The principle of Hess v. Pawloski was recognized in International Shoe Co. v. Washington, where the traditional jurisdictional concepts of presence, consent, and domicile were replaced by the minimum contacts or substantial connection with the forum doctrine. The Hess case was treated as sui generis because of the nature of the acts involved and the circumstances of their commission. The court in the McGee case, supra, cited Hess v. Pawloski as standing for the substantial connection with the forum doctrine. In Hanson v. Denckla, 1958, 357 U.S. 235, 78 S.Ct. 1228, 2 L.Ed.2d 1283, the court spelled out the additional element that in every case where jurisdiction under this doctrine is claimed, there must be "some act by which the defendant purposefully avails itself of the privilege of conducting activities within the forum State, thus invoking the benefits and protections of its laws." This element likewise appertains to and is found in this type of tort case.


Jurisdiction being thus clear under the minimum contacts doctrine over suits for torts committed on the highway of a forum state, we must determine what extension may be made of the rule on its underlying reasoning. It has already been extended to include jurisdiction over non-resident, non-qualifying corporations in actions for torts committed within the forum state where process is served under the non-resident watercraft statutes. For example, in Tardiff v. Bank Line, Ltd., E.D.La., 1954, 127 F.Supp. 945, service on a British corporation under the Louisiana Watercraft statute, LSA-R.S. 13:3479, was sustained. Judge Wright reviewed the statute in the light of due process requirements and the minimal contacts doctrine of International Shoe and McGee, but relied on Hess v. Pawloski, supra, and the analogy between the Watercraft statute and Nonresident Motorist statutes to find that the Louisiana statute did not offend "traditional notions of fair play and substantial justice." International Shoe, supra. This case involved an action for the negligent death of a Louisiana resident working as a ship repairman on the steamship of the British corporation at dock in New Orleans. In Goltzman v. Rougeot, W.D.La., 1954, 122 F.Supp. 700, a suit to recover for the negligent loss for a barge load of scrap metal, service was perfected on the non-resident defendant by serving process upon the Louisiana Secretary of State pursuant to the Louisiana Watercraft statute, supra. Judge Dawkins sustained the service, pointing to the similarity between the Watercraft statute and the Louisiana Non-Resident Motorist statute, LSA-R.S. 13:3474, 13:3475. He held that waterways and highways are arteries of commerce and that any difference was in degree, and insufficient for holding that the Watercraft statute violated due process of law. He noted that the states have a wide discretion in determining when and under what circumstances they will exercise their police power. See also Franklin v. Tomlinson Fleet Corp., N.D.Ill., 1947, 158 F. Supp. 850, and Frase v. Columbia Transportation Company, N.D.Ill., 1957, 158 F.Supp. 858, both sustaining service on a non-resident corporation under the Illinois Non-Resident Watercraft statute in the face of due process attacks.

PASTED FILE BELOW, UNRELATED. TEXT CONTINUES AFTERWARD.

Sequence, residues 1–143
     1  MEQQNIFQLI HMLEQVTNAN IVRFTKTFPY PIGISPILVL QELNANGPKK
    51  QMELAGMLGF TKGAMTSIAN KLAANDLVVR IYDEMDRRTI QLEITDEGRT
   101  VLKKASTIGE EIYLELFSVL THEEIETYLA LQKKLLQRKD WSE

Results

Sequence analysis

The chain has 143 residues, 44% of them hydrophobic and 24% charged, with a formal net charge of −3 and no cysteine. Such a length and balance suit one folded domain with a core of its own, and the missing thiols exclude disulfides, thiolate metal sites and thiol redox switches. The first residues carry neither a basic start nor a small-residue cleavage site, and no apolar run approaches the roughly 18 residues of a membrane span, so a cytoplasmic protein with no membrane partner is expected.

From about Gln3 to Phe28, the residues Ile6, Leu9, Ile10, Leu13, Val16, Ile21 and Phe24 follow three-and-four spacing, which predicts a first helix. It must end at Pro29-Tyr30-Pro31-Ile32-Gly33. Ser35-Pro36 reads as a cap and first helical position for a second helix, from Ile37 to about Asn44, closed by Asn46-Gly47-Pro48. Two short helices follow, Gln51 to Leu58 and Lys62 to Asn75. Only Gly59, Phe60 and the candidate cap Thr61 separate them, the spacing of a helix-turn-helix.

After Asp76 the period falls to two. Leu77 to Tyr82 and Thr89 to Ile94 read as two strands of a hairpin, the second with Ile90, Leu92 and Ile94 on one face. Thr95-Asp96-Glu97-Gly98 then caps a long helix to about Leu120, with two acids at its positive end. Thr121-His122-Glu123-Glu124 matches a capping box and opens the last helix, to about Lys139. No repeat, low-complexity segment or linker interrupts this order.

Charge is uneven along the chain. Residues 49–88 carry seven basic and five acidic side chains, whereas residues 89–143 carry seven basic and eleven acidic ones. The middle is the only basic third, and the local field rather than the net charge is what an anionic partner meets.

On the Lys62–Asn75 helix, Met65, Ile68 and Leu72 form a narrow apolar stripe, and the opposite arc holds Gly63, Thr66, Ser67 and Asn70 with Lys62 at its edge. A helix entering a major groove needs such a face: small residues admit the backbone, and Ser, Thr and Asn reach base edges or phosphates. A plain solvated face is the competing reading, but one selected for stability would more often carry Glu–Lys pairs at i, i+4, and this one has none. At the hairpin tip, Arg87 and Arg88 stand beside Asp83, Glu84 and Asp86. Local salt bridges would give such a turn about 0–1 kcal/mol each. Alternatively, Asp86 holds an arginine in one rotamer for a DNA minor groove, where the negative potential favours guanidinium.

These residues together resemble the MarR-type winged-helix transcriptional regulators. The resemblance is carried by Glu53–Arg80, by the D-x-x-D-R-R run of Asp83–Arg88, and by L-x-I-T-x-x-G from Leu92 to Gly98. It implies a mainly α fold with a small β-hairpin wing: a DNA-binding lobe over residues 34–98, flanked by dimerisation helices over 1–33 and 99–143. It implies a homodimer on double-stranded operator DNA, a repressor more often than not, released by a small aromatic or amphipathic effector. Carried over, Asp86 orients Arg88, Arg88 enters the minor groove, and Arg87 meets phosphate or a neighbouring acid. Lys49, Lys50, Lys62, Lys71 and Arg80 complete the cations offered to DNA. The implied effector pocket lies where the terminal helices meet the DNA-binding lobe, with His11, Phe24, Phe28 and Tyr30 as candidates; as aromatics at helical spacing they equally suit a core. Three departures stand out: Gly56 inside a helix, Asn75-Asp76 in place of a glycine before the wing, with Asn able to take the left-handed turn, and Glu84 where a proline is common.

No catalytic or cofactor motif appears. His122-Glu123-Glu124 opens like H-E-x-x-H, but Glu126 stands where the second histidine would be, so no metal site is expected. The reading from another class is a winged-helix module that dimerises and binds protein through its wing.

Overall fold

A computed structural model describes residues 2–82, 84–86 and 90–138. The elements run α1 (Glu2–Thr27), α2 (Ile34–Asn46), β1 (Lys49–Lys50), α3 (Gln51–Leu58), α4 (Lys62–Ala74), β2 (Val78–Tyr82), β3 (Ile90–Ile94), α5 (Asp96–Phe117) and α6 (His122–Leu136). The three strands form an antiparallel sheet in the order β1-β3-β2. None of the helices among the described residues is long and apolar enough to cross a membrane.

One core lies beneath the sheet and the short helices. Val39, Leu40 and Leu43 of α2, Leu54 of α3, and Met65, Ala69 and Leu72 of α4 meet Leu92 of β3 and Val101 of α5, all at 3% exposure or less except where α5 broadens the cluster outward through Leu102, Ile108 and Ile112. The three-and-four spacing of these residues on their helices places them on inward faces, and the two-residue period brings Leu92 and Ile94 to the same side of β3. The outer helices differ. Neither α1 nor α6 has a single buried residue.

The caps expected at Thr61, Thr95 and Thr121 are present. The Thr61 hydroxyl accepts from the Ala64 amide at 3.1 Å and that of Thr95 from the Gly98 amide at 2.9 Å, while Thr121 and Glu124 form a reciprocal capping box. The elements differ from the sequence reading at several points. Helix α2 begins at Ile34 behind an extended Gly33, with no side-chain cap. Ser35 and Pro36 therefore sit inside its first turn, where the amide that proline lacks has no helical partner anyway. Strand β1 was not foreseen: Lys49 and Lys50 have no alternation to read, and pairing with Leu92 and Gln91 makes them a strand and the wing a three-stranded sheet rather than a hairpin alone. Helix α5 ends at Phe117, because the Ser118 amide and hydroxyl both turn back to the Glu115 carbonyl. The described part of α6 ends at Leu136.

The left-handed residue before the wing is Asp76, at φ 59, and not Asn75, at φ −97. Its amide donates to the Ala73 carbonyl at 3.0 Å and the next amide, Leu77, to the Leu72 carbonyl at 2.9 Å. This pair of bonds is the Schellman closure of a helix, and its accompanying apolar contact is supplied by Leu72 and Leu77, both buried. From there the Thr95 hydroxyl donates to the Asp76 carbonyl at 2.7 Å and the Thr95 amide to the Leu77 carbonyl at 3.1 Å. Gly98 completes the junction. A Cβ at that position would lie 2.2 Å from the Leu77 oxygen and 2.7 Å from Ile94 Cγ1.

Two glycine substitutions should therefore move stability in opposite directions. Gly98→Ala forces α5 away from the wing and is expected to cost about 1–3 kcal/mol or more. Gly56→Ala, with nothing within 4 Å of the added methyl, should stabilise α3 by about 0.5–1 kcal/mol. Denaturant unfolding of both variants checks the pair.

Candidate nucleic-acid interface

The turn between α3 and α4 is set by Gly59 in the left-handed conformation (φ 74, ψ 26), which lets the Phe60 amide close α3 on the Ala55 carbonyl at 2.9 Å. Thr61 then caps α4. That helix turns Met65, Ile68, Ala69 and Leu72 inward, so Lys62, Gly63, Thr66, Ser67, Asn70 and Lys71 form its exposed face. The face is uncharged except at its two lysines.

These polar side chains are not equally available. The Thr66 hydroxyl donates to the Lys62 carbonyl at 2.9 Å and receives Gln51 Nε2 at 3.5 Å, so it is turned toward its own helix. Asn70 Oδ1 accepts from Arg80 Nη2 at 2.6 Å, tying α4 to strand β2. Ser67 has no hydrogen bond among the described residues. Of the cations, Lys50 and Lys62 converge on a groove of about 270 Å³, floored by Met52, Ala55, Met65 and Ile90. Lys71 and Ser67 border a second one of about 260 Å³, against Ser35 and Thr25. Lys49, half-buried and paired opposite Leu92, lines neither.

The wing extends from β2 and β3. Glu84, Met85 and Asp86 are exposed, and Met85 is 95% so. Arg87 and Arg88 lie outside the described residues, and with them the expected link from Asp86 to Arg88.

The reasoning of this court in Sugg v. Hendrix, 5 Cir., 1944, 142 F.2d 740, is appropriate.3 There a citizen of Mississippi brought suit in the District Court of Mississippi against a non-resident Louisiana corporation under a statute of the same type as § 199(1) of the Alabama Code with which we are concerned. The court noted that the Mississippi statute was similar in form and substance to the non-resident motorist statutes. The order of the District Court quashing service was reversed. It appeared that the defendant was engaged in levee construction work in Mississippi and that plaintiff's injury arose out of that work. The court adverted to the non-resident motorist statutes, and took the view that these statutes were based on state police power over torts committed within the state. It was pointed out that a state's police power was not limited to making regulations for the safety of persons using the highway, but might be extended to other acts of non-residents within the forum jurisdiction involving activity of a character dangerous to life or property. The court took judicial notice of the fact that heavy construction work of the type being performed by the defendant was of that character.


This case comports with the American Law Institute rule, § 23, Restatement of Judgments, as follows:


"A court by proper service of process may acquire jurisdiction over an individual not domiciled within the State who does acts * * which are of a sort dangerous to life or property as to causes of action arising out of such act or such ownership, if a statute of the State so provides at the time when the cause of action arises."


From the foregoing authorities, it is clear that the principle of Hess v. Pawloski has been extended to cover suits arising out of activity within the state which is dangerous to life and property, even though only a single isolated transaction is involved. Moreover, there is substantial authority that a state may properly assert jurisdiction over any tort committed within its borders, regardless of whether the tort arises out of activity considered dangerous. In Developments in the Law: State Court Jurisdiction, 73 Harv.L.Rev. 909, 926 (1960), the following statement is made:


"There is little doubt that a corporation is amenable to state jurisdiction in a tort action even though it has carried on only isolated or sporadic activity within the forum state, so long as the alleged tort grew out of that activity."